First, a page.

the phrase "Buddhist wisdom" conjures up teachings more abstract and paradoxical, flying in the face of common sense — emptiness being a prime example. Emptiness, we're told, means that nothing has any inherent existence. In other words, on an ultimate level, things aren't what we conventionally think of as "things." They're processes that are in no way separate from all the other processes on which they depend. This is a philosophically sophisticated idea that's fascinating to ponder, but it doesn't provide much obvious help in getting you up early on a cold morning to meditate nor in convincing you to give up a destructive addiction.
http://www.accesstoinsight.org/lib/auth ... iness.html


Thanks for the links....

But ...Whoa! Massively surprised at Thanissaro for saying this. Can't believe that! :jawdrop:

Some would say getting up on a cold morning to do what we do is not inspiring per se...each to their own eh?

I totally disagree with him. Getting up to do anything that goes some way towards grounding out an intellectual understanding of Emptiness is worthwhile.

Dare I suggest that this type of comment displays a fundamental misunderstanding of the Prasangika view. :guns:
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Re: Emptiness

Postby SamKR » Wed Nov 13, 2013 2:03 pm

Myotai wrote:
The logic that is used in the Tibetan Schools dosn't seem to be of much interest in the theravada, why is that?

Also, I see how analytical meditation in the Tibetan tradition can lead to an experience/understanding of Shunyata - its very mthodical and process driven; but how can practices like Vipassana in the Theravada, nore so Jhana lead to similar experiences?

I am of course relatively new to the Theravada but am presuming that there is no difference in Theravadain Emptiness and Tibetan Emptiness...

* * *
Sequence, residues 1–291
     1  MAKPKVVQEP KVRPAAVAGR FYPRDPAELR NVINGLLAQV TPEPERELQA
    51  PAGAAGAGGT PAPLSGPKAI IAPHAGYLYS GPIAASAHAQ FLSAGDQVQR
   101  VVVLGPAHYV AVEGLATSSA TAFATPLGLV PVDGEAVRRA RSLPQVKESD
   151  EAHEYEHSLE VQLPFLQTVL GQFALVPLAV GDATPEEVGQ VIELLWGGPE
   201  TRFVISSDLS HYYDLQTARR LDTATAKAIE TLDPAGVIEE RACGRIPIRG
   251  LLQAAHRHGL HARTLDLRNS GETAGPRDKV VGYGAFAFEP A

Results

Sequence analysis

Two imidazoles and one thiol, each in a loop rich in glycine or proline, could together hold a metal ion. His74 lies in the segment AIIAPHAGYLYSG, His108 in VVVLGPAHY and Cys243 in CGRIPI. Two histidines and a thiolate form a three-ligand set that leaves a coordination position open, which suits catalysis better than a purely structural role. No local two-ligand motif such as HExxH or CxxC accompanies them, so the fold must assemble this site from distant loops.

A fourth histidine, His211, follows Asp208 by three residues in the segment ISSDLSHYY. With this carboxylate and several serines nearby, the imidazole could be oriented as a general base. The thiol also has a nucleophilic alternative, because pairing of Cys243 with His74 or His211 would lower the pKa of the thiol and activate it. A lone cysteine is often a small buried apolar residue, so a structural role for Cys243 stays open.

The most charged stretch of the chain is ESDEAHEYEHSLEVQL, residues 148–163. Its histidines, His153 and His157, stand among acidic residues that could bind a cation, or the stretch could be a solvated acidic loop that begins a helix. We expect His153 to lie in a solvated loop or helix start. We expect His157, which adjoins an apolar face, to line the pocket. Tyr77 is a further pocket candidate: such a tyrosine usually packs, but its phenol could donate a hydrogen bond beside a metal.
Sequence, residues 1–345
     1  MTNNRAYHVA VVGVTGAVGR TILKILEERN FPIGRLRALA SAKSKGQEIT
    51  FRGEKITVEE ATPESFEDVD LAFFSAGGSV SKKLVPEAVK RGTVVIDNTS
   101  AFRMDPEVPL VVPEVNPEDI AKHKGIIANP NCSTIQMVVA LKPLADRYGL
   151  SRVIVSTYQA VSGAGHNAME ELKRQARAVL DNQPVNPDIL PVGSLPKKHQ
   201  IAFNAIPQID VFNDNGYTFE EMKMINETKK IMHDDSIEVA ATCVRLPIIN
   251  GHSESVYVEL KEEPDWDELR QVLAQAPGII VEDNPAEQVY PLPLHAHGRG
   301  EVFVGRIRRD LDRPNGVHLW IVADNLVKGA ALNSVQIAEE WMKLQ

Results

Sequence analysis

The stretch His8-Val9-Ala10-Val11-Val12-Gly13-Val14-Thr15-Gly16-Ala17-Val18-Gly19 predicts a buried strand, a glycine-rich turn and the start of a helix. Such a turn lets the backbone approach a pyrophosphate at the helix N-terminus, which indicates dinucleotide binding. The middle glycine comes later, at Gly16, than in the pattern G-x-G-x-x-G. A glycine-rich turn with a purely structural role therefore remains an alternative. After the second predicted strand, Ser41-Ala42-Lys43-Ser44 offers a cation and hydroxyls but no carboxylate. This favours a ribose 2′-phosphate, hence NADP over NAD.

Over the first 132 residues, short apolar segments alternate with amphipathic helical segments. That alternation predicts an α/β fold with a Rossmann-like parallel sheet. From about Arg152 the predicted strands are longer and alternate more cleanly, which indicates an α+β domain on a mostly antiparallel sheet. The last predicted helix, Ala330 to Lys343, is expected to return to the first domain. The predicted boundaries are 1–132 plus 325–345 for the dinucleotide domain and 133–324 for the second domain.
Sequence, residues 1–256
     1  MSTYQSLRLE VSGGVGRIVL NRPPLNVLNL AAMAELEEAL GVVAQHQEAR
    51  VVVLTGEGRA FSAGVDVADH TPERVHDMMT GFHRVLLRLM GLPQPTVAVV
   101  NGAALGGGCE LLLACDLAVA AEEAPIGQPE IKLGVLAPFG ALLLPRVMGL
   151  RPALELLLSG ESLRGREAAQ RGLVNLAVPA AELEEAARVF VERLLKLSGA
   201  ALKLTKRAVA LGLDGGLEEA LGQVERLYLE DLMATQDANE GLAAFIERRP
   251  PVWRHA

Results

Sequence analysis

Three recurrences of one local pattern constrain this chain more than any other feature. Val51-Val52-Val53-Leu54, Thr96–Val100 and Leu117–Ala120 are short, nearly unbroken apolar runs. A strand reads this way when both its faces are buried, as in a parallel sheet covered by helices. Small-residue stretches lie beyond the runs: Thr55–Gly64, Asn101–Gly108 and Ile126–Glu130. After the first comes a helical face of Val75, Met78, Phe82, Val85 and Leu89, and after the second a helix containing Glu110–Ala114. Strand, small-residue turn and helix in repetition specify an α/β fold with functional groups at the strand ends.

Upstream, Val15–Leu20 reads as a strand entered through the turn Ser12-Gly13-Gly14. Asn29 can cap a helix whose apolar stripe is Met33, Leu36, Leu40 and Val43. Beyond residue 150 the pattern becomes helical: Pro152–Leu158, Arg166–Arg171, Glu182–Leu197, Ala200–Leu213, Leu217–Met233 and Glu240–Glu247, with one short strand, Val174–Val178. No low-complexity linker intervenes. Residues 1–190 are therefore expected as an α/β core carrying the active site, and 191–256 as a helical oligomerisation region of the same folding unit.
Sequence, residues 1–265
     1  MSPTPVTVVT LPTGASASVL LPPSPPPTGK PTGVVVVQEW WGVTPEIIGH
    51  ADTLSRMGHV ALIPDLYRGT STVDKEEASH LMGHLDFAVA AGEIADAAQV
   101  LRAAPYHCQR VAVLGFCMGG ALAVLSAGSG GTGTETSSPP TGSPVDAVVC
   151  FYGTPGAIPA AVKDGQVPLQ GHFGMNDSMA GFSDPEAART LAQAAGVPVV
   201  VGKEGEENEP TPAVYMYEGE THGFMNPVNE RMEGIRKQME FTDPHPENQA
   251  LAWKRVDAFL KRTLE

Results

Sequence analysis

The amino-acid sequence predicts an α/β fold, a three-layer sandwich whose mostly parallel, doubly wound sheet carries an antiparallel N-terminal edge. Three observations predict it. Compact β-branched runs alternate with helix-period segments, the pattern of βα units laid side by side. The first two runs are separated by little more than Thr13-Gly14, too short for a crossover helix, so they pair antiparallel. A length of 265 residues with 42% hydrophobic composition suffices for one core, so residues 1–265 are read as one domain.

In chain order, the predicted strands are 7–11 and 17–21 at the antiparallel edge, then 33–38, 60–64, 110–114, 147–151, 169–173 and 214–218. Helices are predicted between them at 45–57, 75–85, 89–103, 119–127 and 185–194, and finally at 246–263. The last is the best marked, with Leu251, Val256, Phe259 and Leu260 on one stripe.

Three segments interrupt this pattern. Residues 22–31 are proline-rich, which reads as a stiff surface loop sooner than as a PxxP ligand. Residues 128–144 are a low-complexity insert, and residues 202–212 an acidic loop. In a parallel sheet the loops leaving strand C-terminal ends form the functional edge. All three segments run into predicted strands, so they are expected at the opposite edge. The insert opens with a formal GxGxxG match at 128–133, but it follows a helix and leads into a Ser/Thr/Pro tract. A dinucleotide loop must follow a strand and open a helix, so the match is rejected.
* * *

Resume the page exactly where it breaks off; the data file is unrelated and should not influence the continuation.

I find Mādhyamaka view of emptiness in line with the Buddha's teachings in Pali suttas. The Buddha's teachings about emptiness is directly related to dependent origination and can be found in many suttas. He has used the word "empty" in Pali Suttas like Phena Sutta, and this is how we can actually practice:
"Monks, suppose that a large glob of foam were floating down this Ganges River, and a man with good eyesight were to see it, observe it, & appropriately examine it. To him — seeing it, observing it, & appropriately examining it — it would appear empty, void, without substance: for what substance would there be in a glob of foam? In the same way, a monk sees, observes, & appropriately examines any form that is past, future, or present; internal or external; blatant or subtle; common or sublime; far or near. To him — seeing it, observing it, & appropriately examining it — it would appear empty, void, without substance: for what substance would there be in form?
http://www.accesstoinsight.org/tipitaka ... .than.html
Last edited by SamKR on Wed Nov 13, 2013 2:21 pm, edited 4 times in total.
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Re: Emptiness

Postby SamKR » Wed Nov 13, 2013 2:10 pm

Myotai wrote:Getting up to do anything that goes some way towards grounding out an intellectual understanding of Emptiness is worthwhile.

I agree.
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Re: Emptiness

Postby Myotai » Wed Nov 13, 2013 3:00 pm

SamKR wrote:I find Mādhyamaka view of emptiness in line with the Buddha's teachings in Pali suttas. The Buddha's teachings about emptiness is directly related to dependent origination and can be found in many suttas. He has used the word "empty" in Pali Suttas like Phena Sutta, and this is how we can actually practice:
"Monks, suppose that a large glob of foam were floating down this Ganges River, and a man with good eyesight were to see it, observe it, & appropriately examine it. To him — seeing it, observing it, & appropriately examining it — it would appear empty, void, without substance: for what substance would there be in a glob of foam? In the same way, a monk sees, observes, & appropriately examines any form that is past, future, or present; internal or external; blatant or subtle; common or sublime; far or near. To him — seeing it, observing it, & appropriately examining it — it would appear empty, void, without substance: for what substance would there be in form?